Resources tagged with: Mathematical reasoning & proof

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Broad Topics > Mathematical Thinking > Mathematical reasoning & proof

Take Three Numbers

Age 7 to 11 Challenge Level:

What happens when you add three numbers together? Will your answer be odd or even? How do you know?

Cows and Sheep

Age 7 to 11 Challenge Level:

Use your logical reasoning to work out how many cows and how many sheep there are in each field.

9 Weights

Age 11 to 14 Challenge Level:

You have been given nine weights, one of which is slightly heavier than the rest. Can you work out which weight is heavier in just two weighings of the balance?

Making Pathways

Age 7 to 11 Challenge Level:

Can you find different ways of creating paths using these paving slabs?

Dicey Addition

Age 5 to 11 Challenge Level:

Who said that adding couldn't be fun?

Add 3 Dice

Age 7 to 11 Challenge Level:

Three dice are placed in a row. Find a way to turn each one so that the three numbers on top of the dice total the same as the three numbers on the front of the dice. Can you find all the ways to do. . . .

Square Subtraction

Age 7 to 11 Challenge Level:

Look at what happens when you take a number, square it and subtract your answer. What kind of number do you get? Can you prove it?

Tower of Hanoi

Age 11 to 14 Challenge Level:

The Tower of Hanoi is an ancient mathematical challenge. Working on the building blocks may help you to explain the patterns you notice.

One O Five

Age 11 to 14 Challenge Level:

You can work out the number someone else is thinking of as follows. Ask a friend to think of any natural number less than 100. Then ask them to tell you the remainders when this number is divided by. . . .

Online

Age 7 to 11 Challenge Level:

A game for 2 players that can be played online. Players take it in turns to select a word from the 9 words given. The aim is to select all the occurrences of the same letter.

Reasoning: the Journey from Novice to Expert (article)

Age 5 to 11

This article for primary teachers suggests ways in which we can help learners move from being novice reasoners to expert reasoners.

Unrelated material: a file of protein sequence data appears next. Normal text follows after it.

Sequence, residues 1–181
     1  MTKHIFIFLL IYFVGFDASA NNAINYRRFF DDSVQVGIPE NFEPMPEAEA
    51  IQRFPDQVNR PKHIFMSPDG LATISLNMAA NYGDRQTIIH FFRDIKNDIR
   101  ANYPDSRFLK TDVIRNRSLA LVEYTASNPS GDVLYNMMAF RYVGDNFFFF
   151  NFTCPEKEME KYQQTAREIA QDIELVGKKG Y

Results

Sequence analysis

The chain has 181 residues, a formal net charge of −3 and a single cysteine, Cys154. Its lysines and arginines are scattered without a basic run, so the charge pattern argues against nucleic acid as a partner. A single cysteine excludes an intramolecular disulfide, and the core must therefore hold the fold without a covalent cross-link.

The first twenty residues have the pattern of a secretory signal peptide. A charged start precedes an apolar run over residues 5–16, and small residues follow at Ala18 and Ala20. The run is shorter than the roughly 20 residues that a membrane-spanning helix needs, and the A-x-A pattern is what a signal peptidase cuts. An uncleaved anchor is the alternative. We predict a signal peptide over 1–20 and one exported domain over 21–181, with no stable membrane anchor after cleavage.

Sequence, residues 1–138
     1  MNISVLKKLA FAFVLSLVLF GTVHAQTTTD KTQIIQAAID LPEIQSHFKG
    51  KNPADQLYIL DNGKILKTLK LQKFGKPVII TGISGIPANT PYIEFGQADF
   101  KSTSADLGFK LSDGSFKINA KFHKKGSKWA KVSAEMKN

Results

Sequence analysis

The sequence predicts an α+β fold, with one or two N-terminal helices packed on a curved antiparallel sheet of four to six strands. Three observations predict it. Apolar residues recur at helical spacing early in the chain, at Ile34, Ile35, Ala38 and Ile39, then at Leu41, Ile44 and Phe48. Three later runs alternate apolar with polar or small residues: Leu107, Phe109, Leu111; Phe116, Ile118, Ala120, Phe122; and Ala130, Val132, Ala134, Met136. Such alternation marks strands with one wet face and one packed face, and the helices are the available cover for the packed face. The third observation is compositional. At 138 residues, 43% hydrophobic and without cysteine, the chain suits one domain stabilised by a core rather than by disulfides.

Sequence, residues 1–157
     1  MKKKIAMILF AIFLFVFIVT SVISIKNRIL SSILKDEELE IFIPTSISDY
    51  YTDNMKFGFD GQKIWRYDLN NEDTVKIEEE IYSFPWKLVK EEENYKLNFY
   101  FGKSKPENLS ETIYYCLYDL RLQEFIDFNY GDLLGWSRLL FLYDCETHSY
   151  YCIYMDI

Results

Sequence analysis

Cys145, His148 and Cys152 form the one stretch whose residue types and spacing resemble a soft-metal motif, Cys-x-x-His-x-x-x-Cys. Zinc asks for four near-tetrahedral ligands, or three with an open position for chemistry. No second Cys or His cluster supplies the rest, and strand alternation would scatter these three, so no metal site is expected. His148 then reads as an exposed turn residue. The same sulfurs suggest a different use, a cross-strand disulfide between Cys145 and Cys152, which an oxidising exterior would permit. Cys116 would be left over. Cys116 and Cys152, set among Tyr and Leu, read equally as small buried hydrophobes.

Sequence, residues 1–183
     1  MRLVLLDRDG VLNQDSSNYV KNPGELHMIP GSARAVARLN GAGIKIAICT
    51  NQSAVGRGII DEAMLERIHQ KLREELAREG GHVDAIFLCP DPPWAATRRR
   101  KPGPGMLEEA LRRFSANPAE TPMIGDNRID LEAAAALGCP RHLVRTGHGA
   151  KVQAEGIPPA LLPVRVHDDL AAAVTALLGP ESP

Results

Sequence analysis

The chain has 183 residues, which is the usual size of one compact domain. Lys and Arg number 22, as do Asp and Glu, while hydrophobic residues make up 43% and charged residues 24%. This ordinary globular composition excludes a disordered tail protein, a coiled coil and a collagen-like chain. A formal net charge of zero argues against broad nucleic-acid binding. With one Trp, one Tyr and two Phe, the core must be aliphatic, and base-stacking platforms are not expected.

Always the Same

Age 11 to 14 Challenge Level:

Arrange the numbers 1 to 16 into a 4 by 4 array. Choose a number. Cross out the numbers on the same row and column. Repeat this process. Add up you four numbers. Why do they always add up to 34?

More Marbles

Age 11 to 14 Challenge Level:

I start with a red, a blue, a green and a yellow marble. I can trade any of my marbles for three others, one of each colour. Can I end up with exactly two marbles of each colour?

Marbles

Age 11 to 14 Challenge Level:

I start with a red, a green and a blue marble. I can trade any of my marbles for two others, one of each colour. Can I end up with five more blue marbles than red after a number of such trades?

Elevenses

Age 11 to 14 Challenge Level:

How many pairs of numbers can you find that add up to a multiple of 11? Do you notice anything interesting about your results?

Clocked

Age 11 to 14 Challenge Level:

Is it possible to rearrange the numbers 1,2......12 around a clock face in such a way that every two numbers in adjacent positions differ by any of 3, 4 or 5 hours?

Sticky Numbers

Age 11 to 14 Challenge Level:

Can you arrange the numbers 1 to 17 in a row so that each adjacent pair adds up to a square number?

1 Step 2 Step

Age 11 to 14 Challenge Level:

Liam's house has a staircase with 12 steps. He can go down the steps one at a time or two at time. In how many different ways can Liam go down the 12 steps?

Tri-colour

Age 11 to 14 Challenge Level:

Six points are arranged in space so that no three are collinear. How many line segments can be formed by joining the points in pairs?

What Numbers Can We Make?

Age 11 to 14 Challenge Level:

Imagine we have four bags containing a large number of 1s, 4s, 7s and 10s. What numbers can we make?

What Do You Need?

Age 7 to 11 Challenge Level:

Four of these clues are needed to find the chosen number on this grid and four are true but do nothing to help in finding the number. Can you sort out the clues and find the number?

Children at Large

Age 11 to 14 Challenge Level:

There are four children in a family, two girls, Kate and Sally, and two boys, Tom and Ben. How old are the children?

Always, Sometimes or Never? Number

Age 7 to 11 Challenge Level:

Are these statements always true, sometimes true or never true?

Take One Example

Age 5 to 11

This article introduces the idea of generic proof for younger children and illustrates how one example can offer a proof of a general result through unpacking its underlying structure.

Cross-country Race

Age 11 to 14 Challenge Level:

Eight children enter the autumn cross-country race at school. How many possible ways could they come in at first, second and third places?